Is video going to save stock photographers’ income from collapse? (Not that I think collapse is eminent, keeping in mind that millions and millions of dollars are still being made in stock photography…it’s that so many more fingers are in the pie).
Last week I saw video presentations made using the Canon 5D MK II by Vicent LaForet and ASC Directory of Photography, Shane Hurlbut at the Blend Images creative meeting. LaForet, coming from still photography and Hurlbut from the most complex of cinematographic productions arrived at similar destinations in the use of the Canon. Both have easily and successfully translated their skills sets into making wonderful videos for advertising and even for a feature film.
The videos were stunning and exciting. Anyone who has ever been on the set of a motion picture will be amazed at the simplicity of the gear involved. Hurlbut has posted his camera configurations. He explained that a $160 million dollar budget for a feature film was reduced by 2/3s using the Canon instead of traditional equipment. LaForet is a natural film maker and produced his first short vid in two days of shooting the day after he first had a pre-production Canon MK II put into his hands at Canon Headquarters.
Many photographers in the Blend meeting, although deeply impressed by the presentations, later expressed doubt that they would go the route of these complex productions. One said to me, “I’m not about to go out and make a feature film just because my camera can!” The question is then what do you want to do with your camera with video capabilities and why?
Some stock still libraries have offered motion for many years but the business was never more than 3 to 5 % of total licensing fees. Today a stock photo buyer is able to purchase coordinated images from the same shoot to meet the needs for both print and web, still and motion. A good example of a company filling this need with an innovative product is the Image Source Cross Media Pack . Image Source Founder and CEO, Christina Vaughn, says, “Customers often aren’t satisfied with static images – they want flash, or video, or linear photography. We’ve done a lot of research into how our customers buy images, and we found increasingly that their campaigns needed to work across media – web, TV, and handheld devices as well as print.”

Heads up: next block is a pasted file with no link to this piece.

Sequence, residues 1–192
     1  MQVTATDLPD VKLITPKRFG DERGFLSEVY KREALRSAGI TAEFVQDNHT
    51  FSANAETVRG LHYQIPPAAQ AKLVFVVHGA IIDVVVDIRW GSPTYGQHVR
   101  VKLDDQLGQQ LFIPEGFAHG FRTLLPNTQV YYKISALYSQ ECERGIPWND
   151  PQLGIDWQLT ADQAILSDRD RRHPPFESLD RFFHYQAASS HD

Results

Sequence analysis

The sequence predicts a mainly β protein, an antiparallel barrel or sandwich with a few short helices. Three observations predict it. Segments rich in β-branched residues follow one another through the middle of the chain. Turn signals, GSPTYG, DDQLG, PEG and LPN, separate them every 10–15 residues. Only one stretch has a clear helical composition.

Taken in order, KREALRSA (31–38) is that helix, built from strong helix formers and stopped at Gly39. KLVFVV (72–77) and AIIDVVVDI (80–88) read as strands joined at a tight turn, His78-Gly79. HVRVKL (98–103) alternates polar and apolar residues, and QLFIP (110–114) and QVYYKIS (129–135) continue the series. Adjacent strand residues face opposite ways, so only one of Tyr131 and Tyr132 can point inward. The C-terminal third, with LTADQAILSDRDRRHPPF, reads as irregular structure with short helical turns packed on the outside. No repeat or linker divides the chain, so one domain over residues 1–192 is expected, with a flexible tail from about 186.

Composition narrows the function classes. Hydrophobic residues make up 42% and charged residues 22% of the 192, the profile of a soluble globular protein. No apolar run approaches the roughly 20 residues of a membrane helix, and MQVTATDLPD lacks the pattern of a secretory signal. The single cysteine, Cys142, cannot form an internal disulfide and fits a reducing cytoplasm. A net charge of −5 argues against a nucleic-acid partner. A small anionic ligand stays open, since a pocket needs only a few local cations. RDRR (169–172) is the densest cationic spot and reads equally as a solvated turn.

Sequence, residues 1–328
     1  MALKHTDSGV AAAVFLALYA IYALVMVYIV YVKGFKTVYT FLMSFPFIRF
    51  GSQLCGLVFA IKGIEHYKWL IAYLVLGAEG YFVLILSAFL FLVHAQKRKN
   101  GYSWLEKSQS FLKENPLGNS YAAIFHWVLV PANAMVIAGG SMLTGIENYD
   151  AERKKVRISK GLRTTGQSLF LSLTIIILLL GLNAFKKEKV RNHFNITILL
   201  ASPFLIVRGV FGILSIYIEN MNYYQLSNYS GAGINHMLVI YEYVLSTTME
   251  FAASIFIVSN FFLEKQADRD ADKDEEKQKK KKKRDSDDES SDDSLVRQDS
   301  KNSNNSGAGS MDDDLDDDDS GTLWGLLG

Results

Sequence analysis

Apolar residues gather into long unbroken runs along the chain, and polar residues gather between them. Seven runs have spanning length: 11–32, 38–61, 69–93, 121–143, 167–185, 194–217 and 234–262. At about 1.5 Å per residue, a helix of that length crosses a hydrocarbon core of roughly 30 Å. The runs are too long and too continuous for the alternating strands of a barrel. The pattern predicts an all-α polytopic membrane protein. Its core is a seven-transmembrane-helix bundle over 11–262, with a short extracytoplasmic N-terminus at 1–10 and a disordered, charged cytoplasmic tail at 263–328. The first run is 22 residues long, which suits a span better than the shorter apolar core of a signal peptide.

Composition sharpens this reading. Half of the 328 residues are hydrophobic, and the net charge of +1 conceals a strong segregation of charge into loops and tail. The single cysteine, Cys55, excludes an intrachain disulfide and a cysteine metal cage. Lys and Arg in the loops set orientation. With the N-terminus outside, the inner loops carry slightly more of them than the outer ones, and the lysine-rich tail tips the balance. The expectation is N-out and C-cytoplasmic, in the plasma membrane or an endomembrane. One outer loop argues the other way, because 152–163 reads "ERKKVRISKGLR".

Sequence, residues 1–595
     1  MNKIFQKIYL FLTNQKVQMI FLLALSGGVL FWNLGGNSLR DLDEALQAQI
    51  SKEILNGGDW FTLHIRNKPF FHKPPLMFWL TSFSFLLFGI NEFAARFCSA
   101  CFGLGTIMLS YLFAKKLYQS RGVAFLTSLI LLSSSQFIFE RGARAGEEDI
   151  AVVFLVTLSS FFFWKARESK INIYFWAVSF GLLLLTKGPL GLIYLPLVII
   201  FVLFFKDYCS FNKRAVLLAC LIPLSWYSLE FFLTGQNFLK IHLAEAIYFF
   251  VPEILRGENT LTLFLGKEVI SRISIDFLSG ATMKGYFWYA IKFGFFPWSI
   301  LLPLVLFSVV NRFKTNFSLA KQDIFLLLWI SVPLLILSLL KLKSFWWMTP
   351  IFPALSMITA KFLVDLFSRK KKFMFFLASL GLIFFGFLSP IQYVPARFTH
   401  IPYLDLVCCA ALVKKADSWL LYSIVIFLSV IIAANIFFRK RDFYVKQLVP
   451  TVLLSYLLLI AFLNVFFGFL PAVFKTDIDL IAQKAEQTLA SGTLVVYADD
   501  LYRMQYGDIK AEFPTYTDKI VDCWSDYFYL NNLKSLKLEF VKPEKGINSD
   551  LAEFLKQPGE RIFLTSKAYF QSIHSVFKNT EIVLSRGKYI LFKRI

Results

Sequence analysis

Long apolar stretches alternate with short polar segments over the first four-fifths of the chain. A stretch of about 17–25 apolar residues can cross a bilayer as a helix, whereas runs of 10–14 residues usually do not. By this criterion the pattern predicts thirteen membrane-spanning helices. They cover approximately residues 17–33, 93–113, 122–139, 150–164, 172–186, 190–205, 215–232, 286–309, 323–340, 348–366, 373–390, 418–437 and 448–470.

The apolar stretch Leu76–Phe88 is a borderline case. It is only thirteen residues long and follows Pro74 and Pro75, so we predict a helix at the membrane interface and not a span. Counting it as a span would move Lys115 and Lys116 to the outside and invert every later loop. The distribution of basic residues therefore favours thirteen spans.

What vids to shoot? Generally the same subjects, concepts and themes that work well in still stock photography with the exception of the very simple shot of a model isolated against white. All a single person in a video can do is talk…well ok they could jump up and down, dance, or other activities…and without sound talking heads don’t have anything to say. Keep it simple though…the video show above has short segments that would work as stock clips but a full blown story becomes too specific for stock motion.
My advice: unless you have a burning desire to make videos, don’t. But play around with the camera and you may discover that you like what you see.
Think about this too as you decide whether to jump into motion or not: Clay Shirky writes: “The most watched minute of video made in the last five years shows baby Charlie biting his brother’s finger. (Twice!) That minute has been watched by more people than the viewership of American Idol, Dancing With The Stars, and the Superbowl combined. (174 million views and counting.)” Read the entire post about how complexity harms business. The last few paragraphs are especially pertinent to the business of photography.
Finally congratulations to the founding photographer members of Blend with Sarah Fix and Rick Becker-Leckrone for treating photographers with respect and offering them the opportunity to gather together in a community of friends, supporters and colleagues.